Short Archival film. #AutoEtnography 2000-2019
Lost in her hair(Monday), starts with an excited young Iranian girl getting ready for her first day of school. As her mother is brushing her hair and dressing her, she has varied conversations with off-frame family members that reflect cultural specificities.
Halfway through, the film cuts to the grown-up girl, isolated in a room, calling for a cab to an international airport, suggesting that she is about to leave the country. The second half of the film focuses on the last seconds of her residence in her home country, stuck between residues of intimacy and memories while an inevitable future overseas waiting for her. Oscillating between the self-portrait tradition and autobiography, this film illustrates one of many struggles of contemporary womanhood in Iran: hair and veil through a very experimental personal lens.
My childhood was marked by documentations of a lot of firsts. My family, sharing my aunt’s lone mini-DV camcorder among their whole big group, has decided what the pivotal moments to be captured for me were. I have often asked myself, “Who were they capturing these moments for?” Remembering my grandfather’s ID, with no birth date on it, I think about this footage as a way, an attempt, to construct or retrieve a rigid, tangible family history. On another note, in a family full of outspoken people who have had their bravery paid with exile and prison, etc., I can’t trace any encouragement for leaving any written or captured documentation of anyone’s actual life in our previous generation. The reason probably involves their early years - a generation of pride, of protests, of revolution. A camera trained on the tumultuous streets of their youth, a cinema verite of the people, turned its lens, over time, to personal moments, zoomed inward. And yet, looking back - watching a red skirt and wavy hair become a dark uniform and tight, covered braids - these personal moments drift move back to a political space. At age seven, the personal becomes public for all Iranian girls, as the law compels them to cover themselves in a specific way just to be able to attend school.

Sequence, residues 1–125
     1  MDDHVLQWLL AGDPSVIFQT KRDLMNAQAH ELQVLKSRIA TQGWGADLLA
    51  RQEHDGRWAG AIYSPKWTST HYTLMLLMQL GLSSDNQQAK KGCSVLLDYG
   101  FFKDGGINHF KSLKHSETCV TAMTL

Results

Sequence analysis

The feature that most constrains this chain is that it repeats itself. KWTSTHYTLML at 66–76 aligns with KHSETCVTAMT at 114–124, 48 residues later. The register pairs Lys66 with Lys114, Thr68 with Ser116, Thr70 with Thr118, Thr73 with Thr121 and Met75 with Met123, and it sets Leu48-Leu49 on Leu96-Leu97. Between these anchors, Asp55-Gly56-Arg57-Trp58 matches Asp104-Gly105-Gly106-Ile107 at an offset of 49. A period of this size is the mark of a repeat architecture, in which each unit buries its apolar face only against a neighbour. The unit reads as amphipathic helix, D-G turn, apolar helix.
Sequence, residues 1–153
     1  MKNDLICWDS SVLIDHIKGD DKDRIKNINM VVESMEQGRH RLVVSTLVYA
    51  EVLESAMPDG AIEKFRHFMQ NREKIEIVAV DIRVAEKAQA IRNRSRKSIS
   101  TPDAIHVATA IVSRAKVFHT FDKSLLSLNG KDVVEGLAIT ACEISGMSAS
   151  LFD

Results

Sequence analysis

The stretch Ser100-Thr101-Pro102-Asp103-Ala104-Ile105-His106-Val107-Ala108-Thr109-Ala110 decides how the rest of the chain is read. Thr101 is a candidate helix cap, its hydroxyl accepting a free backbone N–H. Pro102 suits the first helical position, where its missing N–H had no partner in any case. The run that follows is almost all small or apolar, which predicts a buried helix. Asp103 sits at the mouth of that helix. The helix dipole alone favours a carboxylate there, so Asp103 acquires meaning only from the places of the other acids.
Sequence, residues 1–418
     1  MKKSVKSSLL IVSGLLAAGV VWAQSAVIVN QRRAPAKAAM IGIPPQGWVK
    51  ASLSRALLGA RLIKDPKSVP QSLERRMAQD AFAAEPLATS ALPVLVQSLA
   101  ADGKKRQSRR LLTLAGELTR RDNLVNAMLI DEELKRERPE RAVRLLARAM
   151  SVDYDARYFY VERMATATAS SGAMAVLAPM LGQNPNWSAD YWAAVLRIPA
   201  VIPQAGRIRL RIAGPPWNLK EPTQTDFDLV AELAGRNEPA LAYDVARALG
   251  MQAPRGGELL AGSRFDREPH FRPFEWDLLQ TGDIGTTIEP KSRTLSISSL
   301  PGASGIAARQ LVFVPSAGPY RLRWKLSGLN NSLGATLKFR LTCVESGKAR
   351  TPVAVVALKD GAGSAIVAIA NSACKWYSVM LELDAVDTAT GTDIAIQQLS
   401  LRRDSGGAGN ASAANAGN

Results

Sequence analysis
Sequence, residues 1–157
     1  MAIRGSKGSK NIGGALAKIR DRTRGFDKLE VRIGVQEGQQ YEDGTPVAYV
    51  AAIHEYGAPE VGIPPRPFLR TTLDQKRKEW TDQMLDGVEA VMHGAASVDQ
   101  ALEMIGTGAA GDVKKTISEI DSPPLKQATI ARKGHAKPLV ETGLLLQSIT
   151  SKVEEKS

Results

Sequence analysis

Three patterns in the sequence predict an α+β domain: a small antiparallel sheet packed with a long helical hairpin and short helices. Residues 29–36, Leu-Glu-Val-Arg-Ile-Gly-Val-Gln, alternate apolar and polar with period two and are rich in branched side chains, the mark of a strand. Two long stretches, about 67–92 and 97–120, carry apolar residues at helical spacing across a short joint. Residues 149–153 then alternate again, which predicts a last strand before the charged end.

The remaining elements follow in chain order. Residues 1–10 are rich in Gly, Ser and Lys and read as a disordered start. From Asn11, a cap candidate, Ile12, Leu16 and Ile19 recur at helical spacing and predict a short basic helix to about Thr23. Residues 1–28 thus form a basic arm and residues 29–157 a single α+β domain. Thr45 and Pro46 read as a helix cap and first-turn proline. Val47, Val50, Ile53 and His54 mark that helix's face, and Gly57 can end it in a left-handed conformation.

This archive of personal footage I found is precious, a reference point to discover the beginnings of the establishment of my future path. Warm voices, out of frame, present yet invisible. The wish for higher education, a seven-year-old girl’s knowledge of the word PhD. A cultural colonialism that has already taught this girl an accented English alphabet without even knowing her first language completely. These elements, and so many more unmentioned and unmentionable, eventually lead the young woman to leave the country,.as if her life’s course is predestined. Keeping the family ritual of documenting, this time she is doing it herself, as if there is no one, nothing between her and the camera: a pure practice of writing with the camera, a video essay with documentary touches, a mirror of the influx of entangled subjects of a culture.